Raising Confident Women with Joyce T. McFadden
With two growing daughters, I’ve been putting a lot of thought into how to raise them to be confident, strong, smart, kind, and comfortable in their own skin. Isn’t that what most of us work towards—feeling comfortable in our own skin? For it’s when we find that inner-most comfort, that everything else radiates from within.
As our daughters’ mature, their bodies change, feelings arise, and questions abound… Whether we address these topics head-on, discuss them as they emerge, or hope that school will do the job for us—as mothers of daughters, we are still teaching them life-changing lessons—whether we realize it or not. For they are taking in our explicit and implicit messages everyday—our ways of relating with our partners, our body image, our belief systems, and the secrets we hold…
In my quest to find guidance for the “tricky” situations that arise when raising tween daughters, I came across the work of Joyce T. McFadden and her book, Your Daughter’s Bedroom: Insights for Raising Confident Women. Reading her work was like a breath of fresh air as she explores the “touchy subjects” that others tend to skim over. Yet, as mothers who are in tune with our daughters we can’t skim over them, we need guidance on how to positively approach them—for if not us, then who?
I had a serendipitous meeting with Joyce (I was pleased to discover that we live in the same town and chased her down in a local grocery store parking lot!) a while back and she graciously agreed to do an interview and lead a book club at the studio. So, it is with great pleasure that I bring you, Joyce T. McFadden…
Mariah: Can you share a bit about the Women’s Realities Study that you conducted? What can we take away from your research?
Joyce: The Women’s Realities Study is an anonymous qualitative study of 450 women ranging in age from 18-105, with a handful of local girls in addition to that demographic. It’s an unprecedented study because as far as I know, it’s the only one in which all of the content was self-selected by each respondent, giving women complete control over what they wanted to share. Here’s the link to the 63 open-ended questionnaires so you can get a sense of their content–women could respond to as many or as few as they liked, and write as much or as little as they chose: http://womensrealities.com/participate.htm.
What I hope women will take away from the results of the study is a deeper understanding of and appreciation for the realities of our lives–not the game face we usually show to the outside world, but what we girls and women experience internally and often keep to ourselves. In order to get published, I had to narrow the scope of the results, so I did an analysis of the three most popular questionnaires: menstruation, relationship with your mother, and masturbation. It was the women of the study who chose female sexuality, as it’s impacted by the mother-daughter bond, as the topic of the book.
Mariah: Why is it important for mothers to play a proactive role in teaching their daughters about their physical and sexual development?
Joyce: Because when it comes to our girls’ sexuality, they report feeling like they’re working without a net. Even very young girls know that their mothers share the things they are most proud of and excited about. It’s the things that are shameful or wrong that they keep secret. So if we don’t teach our daughters about sexual development and how it affects their sense of self and their social landscape, we tinge it with shame and guilt that women report lasts well into adulthood.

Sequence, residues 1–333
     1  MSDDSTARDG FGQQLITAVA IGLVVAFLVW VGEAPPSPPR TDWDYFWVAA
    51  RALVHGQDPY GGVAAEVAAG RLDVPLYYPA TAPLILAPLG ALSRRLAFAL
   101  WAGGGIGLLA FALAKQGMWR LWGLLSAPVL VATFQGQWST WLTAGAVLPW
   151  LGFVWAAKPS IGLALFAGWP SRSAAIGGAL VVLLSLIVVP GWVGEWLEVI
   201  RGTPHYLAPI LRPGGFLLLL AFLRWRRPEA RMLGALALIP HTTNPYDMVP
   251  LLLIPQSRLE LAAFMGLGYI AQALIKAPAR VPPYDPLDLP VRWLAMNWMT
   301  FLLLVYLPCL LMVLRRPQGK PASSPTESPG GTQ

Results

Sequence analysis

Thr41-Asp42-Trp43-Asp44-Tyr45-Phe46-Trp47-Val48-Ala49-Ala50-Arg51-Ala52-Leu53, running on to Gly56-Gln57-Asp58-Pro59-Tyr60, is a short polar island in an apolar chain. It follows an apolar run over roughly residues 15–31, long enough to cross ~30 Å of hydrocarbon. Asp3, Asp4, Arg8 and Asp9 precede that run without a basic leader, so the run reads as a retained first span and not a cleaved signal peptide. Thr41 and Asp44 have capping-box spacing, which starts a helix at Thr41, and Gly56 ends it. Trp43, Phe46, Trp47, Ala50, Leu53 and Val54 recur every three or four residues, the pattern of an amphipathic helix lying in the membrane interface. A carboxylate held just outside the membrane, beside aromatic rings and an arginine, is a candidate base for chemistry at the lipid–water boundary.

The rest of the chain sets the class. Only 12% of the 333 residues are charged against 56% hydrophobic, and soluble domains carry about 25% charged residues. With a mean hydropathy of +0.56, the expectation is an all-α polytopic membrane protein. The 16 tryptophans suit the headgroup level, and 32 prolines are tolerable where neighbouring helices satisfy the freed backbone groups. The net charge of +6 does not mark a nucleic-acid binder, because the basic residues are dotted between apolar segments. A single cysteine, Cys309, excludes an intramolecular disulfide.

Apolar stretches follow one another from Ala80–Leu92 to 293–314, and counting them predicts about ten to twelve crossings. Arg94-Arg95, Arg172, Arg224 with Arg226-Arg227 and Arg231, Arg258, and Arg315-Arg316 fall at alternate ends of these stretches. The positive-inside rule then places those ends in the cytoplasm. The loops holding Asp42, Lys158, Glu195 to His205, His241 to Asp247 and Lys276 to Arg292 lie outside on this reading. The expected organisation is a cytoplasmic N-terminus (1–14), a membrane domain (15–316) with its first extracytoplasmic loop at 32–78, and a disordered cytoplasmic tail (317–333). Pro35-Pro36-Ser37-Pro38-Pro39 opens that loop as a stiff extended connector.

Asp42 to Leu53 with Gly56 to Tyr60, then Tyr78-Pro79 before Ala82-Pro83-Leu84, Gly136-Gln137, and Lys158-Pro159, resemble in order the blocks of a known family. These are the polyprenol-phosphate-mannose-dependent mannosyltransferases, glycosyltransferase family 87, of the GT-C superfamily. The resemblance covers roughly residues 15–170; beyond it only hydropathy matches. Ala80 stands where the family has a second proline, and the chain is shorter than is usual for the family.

Mariah: When it comes to discussing our daughter’s maturing bodies and emotions, why do we need to do more than provide informative books?
Joyce: Although they need information from us, it’s the emotional connection with us that girls are yearning for. Books alone can’t provide that.
Mariah: In your book, Your Daughter’s Bedroom: Insights for Raising Confident Woman, you state that the more “basics” we can give our daughters when they are younger, the more we can build on them as they get older. How do you suggest we get the conversation going?
Joyce: It’s funny that we’re so afraid to start when they’re young, when it’s SO simple to do—far simpler than starting when they’re older and more self-conscious. When our daughters are toddlers, the small act of teaching them the anatomical names for their body parts, during bath time, when they’re getting dressed, or when they ask “what’s this?” is the easiest way to start giving them a firm foundation. To them, learning about their earlobe is no different than learning about their vulva. At that age they’re excited to learn about absolutely everything, including their bodies.
Mariah: What is your advice to mothers of tweens and teens who don’t know where to start?
Joyce: My book is loaded with examples for how to have these conversations. The most important motivator for mothers is that the study reveals daughters whose mothers don’t talk to them about sexuality report feeling disappointed in their mothers, and find it creates a chasm in the mother-daughter relationship that can last a lifetime.
Mariah: What are some practical ways that mothers can start to connect with their daughters at any age?
Joyce: Listen to them. Talk with them, not at them. Look over your own sexuality and consider its importance in your life. Let your daughters know you understand their sexuality will play a role in the quality of their lives, and that it’s your honor to support them in their quest for happiness in all areas: emotional, intellectual, physical, interpersonal, and sexual.